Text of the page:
The September birthstone of sapphire is said to protect its owner from harm and envy according to Ancient Romans. Clerics during the Middle Ages wore blue sapphires as they believed that they represented Heaven and Ancient Persians believed that the world rested on a huge blue sapphire which made the sky blue.
Sapphires have long been associated with royalty and they often feature in crowns, jewellery and sceptres of Kings and Queens across the world. St Edwards sapphire is an octagonal rose cut sapphire which features in the Imperial State Crown and is the oldest gemstone in the Royal Crown Jewels collection. Thought to have originally belonged to Edward the Confessor, the stone dates all the way back to the crowning of Edward in 1042. When this came into Queen Victoria’s possession, she set it at the centre of the cross on the top of the crown which is where it remains today.
Unfortunately, there are no 11th century sapphires in the Jewellery Auction to be held on the 5th of September however there are some magnificent modern examples. Lot 417 is a sapphire and old mine cut diamond ring. Formed by two rows of alternating sapphires and diamonds, this ring was miles ahead of its time with its contemporary look. This ring has stood the test of time and proved to be fashionable since its creation and I am confident that it won’t be going out of fashion any time soon.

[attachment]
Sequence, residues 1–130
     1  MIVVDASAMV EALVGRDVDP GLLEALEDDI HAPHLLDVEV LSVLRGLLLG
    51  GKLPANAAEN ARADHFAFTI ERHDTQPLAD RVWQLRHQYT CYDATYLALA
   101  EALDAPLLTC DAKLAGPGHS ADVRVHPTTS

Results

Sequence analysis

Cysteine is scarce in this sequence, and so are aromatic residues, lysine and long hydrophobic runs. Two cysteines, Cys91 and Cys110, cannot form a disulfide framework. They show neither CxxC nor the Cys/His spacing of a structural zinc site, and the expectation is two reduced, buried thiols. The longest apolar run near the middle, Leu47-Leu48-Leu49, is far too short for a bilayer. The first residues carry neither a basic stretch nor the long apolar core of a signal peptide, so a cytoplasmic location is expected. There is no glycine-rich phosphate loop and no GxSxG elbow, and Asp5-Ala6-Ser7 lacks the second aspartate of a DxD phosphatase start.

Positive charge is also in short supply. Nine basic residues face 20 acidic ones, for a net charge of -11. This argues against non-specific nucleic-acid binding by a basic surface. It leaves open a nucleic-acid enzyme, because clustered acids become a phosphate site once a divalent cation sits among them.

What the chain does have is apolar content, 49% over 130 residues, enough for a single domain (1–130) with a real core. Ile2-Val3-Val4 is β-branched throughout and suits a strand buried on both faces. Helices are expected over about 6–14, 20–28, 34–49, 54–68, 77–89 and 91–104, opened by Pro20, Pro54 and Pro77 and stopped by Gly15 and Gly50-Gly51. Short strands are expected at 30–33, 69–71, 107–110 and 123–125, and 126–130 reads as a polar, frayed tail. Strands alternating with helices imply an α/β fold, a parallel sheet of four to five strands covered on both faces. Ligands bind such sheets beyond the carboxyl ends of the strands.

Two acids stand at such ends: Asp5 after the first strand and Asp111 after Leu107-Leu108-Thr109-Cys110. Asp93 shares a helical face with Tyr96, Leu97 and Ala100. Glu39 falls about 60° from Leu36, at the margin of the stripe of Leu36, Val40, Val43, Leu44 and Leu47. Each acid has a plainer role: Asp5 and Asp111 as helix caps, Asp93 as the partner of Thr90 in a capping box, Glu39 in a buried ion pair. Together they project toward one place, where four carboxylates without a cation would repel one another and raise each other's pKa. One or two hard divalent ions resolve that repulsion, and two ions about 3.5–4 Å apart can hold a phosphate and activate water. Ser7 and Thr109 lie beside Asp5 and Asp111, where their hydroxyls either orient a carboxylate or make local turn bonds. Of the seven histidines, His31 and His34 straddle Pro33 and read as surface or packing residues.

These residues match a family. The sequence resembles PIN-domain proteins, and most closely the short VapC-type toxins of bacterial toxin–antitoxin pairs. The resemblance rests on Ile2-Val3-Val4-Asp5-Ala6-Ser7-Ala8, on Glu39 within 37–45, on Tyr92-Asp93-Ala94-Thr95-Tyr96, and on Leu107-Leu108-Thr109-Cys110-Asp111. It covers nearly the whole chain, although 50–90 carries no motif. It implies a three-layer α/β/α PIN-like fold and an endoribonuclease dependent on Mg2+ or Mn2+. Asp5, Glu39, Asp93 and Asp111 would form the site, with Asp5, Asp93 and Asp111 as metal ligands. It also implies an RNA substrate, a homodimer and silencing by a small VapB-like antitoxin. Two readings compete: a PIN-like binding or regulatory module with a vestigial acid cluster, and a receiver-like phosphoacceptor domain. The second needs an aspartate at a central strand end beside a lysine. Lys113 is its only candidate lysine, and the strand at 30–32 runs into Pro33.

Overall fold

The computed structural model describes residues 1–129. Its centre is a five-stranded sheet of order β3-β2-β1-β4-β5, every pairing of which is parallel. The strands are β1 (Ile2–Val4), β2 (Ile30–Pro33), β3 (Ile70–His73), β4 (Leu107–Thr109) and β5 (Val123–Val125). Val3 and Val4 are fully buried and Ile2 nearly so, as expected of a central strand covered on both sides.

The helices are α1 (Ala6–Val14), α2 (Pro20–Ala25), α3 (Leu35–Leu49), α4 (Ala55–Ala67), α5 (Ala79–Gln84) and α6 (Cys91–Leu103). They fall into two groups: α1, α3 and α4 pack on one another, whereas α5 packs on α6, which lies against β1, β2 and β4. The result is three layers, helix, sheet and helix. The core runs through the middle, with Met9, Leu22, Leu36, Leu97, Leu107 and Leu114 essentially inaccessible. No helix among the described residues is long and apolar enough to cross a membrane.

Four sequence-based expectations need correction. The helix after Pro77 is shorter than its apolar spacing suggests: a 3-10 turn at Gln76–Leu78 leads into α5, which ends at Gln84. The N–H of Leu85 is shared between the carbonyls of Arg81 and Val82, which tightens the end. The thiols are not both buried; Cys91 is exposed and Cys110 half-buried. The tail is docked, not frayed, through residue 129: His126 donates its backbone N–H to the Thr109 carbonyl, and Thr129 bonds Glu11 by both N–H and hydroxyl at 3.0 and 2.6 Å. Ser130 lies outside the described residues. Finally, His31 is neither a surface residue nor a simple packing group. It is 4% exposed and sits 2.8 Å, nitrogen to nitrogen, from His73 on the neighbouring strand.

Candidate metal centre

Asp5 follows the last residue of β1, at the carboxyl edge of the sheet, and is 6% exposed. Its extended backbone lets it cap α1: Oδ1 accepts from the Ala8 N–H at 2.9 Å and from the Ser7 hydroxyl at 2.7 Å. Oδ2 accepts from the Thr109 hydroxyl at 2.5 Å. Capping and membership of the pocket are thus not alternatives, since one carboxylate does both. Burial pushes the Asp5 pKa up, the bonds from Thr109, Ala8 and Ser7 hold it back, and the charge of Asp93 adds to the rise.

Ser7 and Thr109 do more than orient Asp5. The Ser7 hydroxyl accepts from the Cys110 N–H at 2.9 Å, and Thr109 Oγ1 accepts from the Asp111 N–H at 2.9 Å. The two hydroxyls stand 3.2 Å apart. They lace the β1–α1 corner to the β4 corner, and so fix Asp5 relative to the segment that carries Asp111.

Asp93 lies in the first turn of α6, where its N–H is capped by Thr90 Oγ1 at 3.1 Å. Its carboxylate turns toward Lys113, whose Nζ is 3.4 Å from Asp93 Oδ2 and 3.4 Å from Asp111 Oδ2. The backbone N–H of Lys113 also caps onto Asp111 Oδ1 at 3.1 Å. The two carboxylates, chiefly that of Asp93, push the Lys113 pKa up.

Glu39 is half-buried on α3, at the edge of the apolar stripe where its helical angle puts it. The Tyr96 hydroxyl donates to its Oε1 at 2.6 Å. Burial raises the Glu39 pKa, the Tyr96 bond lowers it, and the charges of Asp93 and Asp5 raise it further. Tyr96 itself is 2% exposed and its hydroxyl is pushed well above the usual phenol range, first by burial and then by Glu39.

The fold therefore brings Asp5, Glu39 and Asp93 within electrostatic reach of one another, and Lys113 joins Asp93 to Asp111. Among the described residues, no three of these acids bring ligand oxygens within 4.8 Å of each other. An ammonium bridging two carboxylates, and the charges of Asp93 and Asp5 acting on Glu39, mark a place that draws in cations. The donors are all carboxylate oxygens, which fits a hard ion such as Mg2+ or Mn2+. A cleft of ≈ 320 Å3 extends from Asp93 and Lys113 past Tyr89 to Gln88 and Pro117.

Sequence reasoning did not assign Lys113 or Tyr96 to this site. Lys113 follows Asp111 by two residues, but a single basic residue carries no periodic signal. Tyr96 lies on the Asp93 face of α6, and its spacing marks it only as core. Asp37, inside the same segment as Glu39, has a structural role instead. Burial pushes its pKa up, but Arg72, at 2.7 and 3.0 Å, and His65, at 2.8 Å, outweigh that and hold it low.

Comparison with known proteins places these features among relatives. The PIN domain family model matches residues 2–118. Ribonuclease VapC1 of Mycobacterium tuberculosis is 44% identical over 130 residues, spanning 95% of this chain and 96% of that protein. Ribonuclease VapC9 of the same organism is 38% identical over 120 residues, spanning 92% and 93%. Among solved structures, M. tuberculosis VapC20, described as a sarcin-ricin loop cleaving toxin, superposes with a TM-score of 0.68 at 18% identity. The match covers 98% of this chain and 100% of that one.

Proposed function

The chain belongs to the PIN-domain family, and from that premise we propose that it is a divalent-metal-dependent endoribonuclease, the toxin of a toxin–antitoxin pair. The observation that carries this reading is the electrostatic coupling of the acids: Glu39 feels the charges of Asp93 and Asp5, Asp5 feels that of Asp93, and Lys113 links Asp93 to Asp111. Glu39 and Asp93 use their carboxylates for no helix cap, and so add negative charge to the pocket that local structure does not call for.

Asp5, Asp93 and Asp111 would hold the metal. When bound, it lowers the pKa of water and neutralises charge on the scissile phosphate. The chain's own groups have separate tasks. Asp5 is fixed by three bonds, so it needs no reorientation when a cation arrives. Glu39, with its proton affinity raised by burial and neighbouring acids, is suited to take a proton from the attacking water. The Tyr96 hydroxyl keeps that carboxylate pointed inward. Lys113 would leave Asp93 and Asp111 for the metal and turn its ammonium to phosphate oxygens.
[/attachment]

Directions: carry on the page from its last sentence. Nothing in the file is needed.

Love sapphires but aren’t keen on wearing rings? Then lot 360 is for you. This pair of sapphire stud earrings are set in silver and come with a modest auction estimate of £50 - £70.
Click here for information on buying or selling jewellery at auction, or to receive a complimentary valuation.
McTear’s sells more jewellery than any other traditional auction house in the dedicated jewellery auctions that take place twice monthly, run concurrently live online on a platform that attracts six million visitors annually from over 120 countries worldwide.